As we are spending more and more time online, it’s important to be reminded of the precautions we need to take to stay safe on the internet. Using digital tools for work and study provide us with a range of opportunities whilst also making things easier and more accessible, but we also need to ensure that we are taking reasonable steps to protect our safety.
Ozford has a duty of care that ensures students use digital technologies for learning safely and appropriately.
Here are our five online safety hacks:
Are your passwords too obvious?
When setting up accounts for emails, social media or other purposes, using your date of birth for your password is a common mistake made by many. Although it is easy for us to remember a password if it is our birthday, it will also be very easy for the occasional hacker to guess. The more complex the password, the stronger it will be. Passwords should contain a variety of numbers and letters, both upper and lower case, and even the addition of a symbol would make it more difficult for your accounts to be hacked. Obviously, these days, having multiple online platforms to manage means having multiple passwords, so it is easy to forget passwords; therefore, it’s useful to choose a password that you will remember easily. In the event that you may forget your password and have to reset it, be sure to set up security questions that hackers won’t easily guess answers to like “who was your favourite teacher at school?” Having strong passwords means protecting your personal information online, so if your password is too easy, go change it now.
What are you sharing about yourself online?
Many people believe that if you delete something that you posted online, it will disappear. Sadly, that is not the case. Once something is posted online, it is there forever in the online database, even if you delete it. Anyone can save, download and re-use it, so think twice before posting something in future. Remember that employers sometimes check social profiles when hiring. Posting or re-sharing something inappropriate, whether it be a photo or a comment, can make or break you getting that job position. Just think about the old tweets written by celebrities that get uncovered and become national scandals! Additionally, as easy as it is to set up a social media account, it’s important to check those privacy settings to know what personal information of yours is accessible to others. Digital footprints are information and images which appear when we search somebody’s name. Google yourself and see what come up in the results – you may be surprised to find out your profiles and photos aren’t hidden.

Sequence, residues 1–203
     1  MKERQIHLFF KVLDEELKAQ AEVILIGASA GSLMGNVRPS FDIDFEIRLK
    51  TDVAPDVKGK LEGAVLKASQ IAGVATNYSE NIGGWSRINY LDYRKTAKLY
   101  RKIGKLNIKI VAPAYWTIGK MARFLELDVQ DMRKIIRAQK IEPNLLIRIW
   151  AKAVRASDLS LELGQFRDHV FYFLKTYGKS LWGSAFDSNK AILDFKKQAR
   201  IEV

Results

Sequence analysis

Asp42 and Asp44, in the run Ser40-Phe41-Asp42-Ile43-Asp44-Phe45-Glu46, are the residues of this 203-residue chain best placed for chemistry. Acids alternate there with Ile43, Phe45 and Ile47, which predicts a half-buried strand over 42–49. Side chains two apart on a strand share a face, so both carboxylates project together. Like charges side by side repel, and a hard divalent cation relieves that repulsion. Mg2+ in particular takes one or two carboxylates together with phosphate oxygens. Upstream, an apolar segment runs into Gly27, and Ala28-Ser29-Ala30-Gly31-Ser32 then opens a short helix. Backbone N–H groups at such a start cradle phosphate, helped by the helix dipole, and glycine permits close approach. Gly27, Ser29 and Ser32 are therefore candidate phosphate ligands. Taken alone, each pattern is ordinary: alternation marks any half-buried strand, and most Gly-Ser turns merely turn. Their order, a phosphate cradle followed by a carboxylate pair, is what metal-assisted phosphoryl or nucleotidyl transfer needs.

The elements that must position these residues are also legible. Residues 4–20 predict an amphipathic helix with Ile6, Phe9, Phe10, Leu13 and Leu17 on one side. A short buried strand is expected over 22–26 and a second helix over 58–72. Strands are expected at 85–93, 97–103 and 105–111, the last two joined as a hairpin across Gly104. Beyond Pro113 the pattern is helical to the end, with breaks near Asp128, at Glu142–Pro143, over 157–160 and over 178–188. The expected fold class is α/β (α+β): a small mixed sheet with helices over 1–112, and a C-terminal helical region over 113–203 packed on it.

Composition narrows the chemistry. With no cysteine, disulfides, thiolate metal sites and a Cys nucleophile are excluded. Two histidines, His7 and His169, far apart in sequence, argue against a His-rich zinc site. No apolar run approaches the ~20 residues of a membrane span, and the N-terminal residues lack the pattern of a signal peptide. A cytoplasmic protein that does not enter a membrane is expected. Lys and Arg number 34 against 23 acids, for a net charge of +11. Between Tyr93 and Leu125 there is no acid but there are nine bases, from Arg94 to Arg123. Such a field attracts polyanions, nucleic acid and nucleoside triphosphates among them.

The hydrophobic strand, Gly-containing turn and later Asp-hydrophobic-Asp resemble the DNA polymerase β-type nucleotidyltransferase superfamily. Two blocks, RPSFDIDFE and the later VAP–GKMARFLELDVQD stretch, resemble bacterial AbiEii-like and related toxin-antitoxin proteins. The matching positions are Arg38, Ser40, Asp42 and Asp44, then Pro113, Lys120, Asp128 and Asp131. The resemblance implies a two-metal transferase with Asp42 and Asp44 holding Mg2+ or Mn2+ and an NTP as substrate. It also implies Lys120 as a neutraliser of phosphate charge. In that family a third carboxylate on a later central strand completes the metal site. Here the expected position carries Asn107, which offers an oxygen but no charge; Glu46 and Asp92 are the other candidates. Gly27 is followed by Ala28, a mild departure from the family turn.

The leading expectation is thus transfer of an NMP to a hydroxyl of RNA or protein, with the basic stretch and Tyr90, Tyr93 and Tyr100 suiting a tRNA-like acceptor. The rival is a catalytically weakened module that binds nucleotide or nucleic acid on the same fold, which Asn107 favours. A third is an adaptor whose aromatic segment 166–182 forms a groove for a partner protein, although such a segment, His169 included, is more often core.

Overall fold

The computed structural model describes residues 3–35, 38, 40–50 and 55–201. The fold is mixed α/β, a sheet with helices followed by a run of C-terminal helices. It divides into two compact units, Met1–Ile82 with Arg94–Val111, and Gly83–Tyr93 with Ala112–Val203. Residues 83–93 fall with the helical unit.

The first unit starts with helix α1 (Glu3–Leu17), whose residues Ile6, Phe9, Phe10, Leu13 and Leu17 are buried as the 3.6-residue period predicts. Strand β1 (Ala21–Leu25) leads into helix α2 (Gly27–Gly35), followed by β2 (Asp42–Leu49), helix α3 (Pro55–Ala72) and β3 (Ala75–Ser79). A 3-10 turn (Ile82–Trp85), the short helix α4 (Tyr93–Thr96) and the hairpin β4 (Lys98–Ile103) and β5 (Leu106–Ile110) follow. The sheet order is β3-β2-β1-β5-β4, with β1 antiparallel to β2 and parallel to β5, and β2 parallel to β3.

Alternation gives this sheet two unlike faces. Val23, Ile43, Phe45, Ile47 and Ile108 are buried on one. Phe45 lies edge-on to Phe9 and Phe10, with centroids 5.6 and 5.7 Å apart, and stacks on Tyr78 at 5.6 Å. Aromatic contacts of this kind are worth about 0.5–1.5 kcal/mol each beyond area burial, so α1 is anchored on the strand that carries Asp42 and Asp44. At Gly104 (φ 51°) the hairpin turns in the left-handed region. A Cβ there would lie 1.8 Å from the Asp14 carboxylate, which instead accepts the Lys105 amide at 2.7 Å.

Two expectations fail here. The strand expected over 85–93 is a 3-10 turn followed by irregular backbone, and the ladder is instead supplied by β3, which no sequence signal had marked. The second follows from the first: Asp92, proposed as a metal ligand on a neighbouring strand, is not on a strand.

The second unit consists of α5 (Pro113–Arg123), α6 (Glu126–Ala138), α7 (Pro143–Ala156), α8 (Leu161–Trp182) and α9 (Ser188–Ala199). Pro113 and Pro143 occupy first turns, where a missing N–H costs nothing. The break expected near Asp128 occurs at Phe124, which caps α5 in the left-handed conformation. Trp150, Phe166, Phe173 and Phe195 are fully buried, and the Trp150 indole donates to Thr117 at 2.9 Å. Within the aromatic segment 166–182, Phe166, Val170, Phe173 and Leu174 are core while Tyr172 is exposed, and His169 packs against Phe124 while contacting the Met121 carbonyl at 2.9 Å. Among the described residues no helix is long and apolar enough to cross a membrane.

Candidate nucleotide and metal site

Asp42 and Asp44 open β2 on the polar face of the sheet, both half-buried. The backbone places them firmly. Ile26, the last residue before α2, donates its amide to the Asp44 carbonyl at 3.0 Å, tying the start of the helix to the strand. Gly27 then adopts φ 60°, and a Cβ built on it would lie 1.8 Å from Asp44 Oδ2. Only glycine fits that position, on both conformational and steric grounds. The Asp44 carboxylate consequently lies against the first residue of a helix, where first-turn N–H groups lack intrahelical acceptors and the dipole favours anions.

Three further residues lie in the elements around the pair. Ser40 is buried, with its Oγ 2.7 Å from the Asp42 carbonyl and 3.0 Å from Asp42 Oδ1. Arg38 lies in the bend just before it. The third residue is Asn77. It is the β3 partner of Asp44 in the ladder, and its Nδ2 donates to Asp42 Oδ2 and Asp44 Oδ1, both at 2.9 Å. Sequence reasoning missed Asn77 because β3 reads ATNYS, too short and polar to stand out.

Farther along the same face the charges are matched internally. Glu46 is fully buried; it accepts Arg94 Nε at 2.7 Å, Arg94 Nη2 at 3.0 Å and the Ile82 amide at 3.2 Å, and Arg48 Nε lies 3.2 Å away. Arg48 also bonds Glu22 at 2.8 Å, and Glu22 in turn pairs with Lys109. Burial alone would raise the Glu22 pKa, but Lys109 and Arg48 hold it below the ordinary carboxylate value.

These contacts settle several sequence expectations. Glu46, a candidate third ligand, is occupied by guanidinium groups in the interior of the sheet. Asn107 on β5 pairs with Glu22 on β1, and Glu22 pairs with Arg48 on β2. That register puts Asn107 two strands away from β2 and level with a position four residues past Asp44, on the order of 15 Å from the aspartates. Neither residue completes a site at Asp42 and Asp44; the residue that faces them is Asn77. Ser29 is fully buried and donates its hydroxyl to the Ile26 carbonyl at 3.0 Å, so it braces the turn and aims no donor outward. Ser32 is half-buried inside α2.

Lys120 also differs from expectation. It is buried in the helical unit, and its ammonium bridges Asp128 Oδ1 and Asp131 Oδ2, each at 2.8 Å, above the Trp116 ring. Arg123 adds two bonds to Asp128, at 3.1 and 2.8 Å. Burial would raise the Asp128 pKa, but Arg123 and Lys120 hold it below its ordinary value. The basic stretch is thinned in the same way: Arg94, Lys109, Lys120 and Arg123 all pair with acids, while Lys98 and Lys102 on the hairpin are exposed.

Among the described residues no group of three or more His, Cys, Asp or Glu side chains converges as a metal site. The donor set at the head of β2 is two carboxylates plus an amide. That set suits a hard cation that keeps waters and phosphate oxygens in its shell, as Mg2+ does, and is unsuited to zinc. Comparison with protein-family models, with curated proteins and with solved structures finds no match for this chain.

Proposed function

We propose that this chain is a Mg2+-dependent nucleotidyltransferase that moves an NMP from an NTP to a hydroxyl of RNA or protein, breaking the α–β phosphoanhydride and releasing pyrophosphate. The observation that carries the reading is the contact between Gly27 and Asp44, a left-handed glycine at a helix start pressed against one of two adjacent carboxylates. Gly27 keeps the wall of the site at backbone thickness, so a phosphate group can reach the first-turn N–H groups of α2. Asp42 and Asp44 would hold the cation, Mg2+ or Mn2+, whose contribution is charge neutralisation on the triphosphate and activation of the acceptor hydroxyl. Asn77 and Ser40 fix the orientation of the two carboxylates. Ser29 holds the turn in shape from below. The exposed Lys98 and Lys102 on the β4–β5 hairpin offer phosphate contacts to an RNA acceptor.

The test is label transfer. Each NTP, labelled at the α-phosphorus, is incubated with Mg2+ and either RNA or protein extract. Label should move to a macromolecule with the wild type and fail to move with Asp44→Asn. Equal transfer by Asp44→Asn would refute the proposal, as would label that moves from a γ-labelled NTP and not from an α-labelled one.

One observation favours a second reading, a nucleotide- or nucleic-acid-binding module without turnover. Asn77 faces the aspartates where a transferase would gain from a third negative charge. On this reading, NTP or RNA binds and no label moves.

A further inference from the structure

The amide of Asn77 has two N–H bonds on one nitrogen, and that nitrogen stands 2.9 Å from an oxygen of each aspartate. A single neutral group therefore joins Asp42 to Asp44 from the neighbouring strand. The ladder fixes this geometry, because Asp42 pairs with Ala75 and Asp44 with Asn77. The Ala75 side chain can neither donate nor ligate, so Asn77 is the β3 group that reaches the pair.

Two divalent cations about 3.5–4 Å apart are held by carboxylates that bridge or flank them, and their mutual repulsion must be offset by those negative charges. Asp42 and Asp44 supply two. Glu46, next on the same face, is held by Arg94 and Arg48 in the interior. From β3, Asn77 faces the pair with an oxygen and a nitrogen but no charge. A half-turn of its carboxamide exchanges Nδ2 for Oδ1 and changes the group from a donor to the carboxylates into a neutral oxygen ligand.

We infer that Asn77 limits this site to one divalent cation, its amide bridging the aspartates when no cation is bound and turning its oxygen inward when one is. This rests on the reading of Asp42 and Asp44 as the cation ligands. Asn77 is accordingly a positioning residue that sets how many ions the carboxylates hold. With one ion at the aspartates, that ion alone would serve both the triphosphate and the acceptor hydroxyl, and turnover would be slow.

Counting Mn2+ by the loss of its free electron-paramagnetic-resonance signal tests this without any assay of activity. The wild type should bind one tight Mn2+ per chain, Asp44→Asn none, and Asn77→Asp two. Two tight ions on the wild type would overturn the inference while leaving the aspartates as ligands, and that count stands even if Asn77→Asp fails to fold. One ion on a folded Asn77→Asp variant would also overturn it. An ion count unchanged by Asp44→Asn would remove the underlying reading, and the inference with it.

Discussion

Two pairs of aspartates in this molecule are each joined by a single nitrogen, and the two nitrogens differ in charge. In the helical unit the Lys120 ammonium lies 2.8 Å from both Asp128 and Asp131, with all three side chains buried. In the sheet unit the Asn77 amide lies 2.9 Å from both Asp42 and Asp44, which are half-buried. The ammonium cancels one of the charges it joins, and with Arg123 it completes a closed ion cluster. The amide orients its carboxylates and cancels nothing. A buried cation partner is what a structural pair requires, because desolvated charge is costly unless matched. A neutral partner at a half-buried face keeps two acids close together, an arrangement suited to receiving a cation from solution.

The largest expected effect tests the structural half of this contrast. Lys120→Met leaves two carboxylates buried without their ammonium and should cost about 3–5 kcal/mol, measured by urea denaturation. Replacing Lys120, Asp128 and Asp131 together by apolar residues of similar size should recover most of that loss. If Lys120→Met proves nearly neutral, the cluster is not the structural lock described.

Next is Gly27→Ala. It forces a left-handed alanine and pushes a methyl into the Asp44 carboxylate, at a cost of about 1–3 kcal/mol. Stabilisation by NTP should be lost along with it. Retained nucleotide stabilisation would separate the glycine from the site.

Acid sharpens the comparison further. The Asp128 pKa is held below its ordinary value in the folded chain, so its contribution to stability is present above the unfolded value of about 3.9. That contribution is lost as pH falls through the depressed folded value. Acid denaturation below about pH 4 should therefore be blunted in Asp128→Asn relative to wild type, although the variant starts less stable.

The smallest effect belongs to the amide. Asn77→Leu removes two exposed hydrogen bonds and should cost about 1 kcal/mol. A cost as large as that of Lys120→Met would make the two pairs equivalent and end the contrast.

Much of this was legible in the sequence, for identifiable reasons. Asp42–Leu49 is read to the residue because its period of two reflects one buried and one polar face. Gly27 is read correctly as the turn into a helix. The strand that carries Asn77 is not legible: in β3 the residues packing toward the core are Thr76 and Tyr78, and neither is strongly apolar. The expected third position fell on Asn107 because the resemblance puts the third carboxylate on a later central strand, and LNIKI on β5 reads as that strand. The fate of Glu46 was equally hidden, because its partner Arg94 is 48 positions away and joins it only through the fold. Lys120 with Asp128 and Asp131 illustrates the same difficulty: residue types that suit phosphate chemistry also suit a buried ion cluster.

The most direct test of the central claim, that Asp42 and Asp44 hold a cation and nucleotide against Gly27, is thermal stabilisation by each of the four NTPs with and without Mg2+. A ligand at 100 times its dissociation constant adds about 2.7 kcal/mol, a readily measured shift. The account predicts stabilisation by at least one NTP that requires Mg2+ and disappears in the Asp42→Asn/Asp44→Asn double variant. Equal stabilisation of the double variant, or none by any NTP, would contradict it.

Who are you communicating with?
One of the most important things when conducting yourself online is knowing who you are speaking to. Anyone that knows you well will never need to ask for personal information like your address or school. Never give out personal information unless you trust and know the person you are speaking with. It is very common these days to get friend requests on social media platforms from unknown people or receive spam emails from people claiming to work for legitimate companies. Never open links or attachments from an unknown sender, as it may be a virus that could damage your computer. Don’t fall for the traps and if you’re unsure, ask a parent or teacher before responding and giving out information about yourself.
Are you having respectful conversations?
When you’re speaking to someone through a screen, it’s often easy to forget that there is a real person on the other side of the screen. Having respectful conversations and relationships online is very important. Be polite to others and treat people the way you would if they were face to face. The same goes for when you are learning online – if your teacher asks you a question, or you’re working in a group with your classmates, be sure to communicate and not hide behind the screen.
Is it time to unplug?
Last but not least, online safety is not just about what you do online but how you spend your time on the internet. Whilst it is a great tool for social and educational purposes, excessive amounts of time can have negative impacts on your health, school productivity and sleep. Know when it is time to log off.
With these online safety hacks, we hope to help our students (old, current, and new) stay cyber-safe and conduct themselves appropriately when online learning.
Ozford encourages students to use digital tools and be creative with their online education journey whilst being respectful and responsible online.
For more information on cyber safety and the responsible use of digital technologies, visit https://www2.education.vic.gov.au/pal/cybersafety/policy